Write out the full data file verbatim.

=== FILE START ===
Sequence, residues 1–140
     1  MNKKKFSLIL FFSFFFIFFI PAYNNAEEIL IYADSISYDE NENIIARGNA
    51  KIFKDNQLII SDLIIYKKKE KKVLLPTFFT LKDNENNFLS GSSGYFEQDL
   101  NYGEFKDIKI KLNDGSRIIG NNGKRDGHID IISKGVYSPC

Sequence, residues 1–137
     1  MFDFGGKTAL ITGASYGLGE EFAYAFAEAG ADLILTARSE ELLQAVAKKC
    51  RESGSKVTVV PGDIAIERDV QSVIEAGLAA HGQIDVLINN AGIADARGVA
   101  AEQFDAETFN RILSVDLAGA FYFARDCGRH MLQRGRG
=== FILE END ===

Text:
Sequence, residues 1–140
     1  MNKKKFSLIL FFSFFFIFFI PAYNNAEEIL IYADSISYDE NENIIARGNA
    51  KIFKDNQLII SDLIIYKKKE KKVLLPTFFT LKDNENNFLS GSSGYFEQDL
   101  NYGEFKDIKI KLNDGSRIIG NNGKRDGHID IISKGVYSPC

Sequence, residues 1–137
     1  MFDFGGKTAL ITGASYGLGE EFAYAFAEAG ADLILTARSE ELLQAVAKKC
    51  RESGSKVTVV PGDIAIERDV QSVIEAGLAA HGQIDVLINN AGIADARGVA
   101  AEQFDAETFN RILSVDLAGA FYFARDCGRH MLQRGRG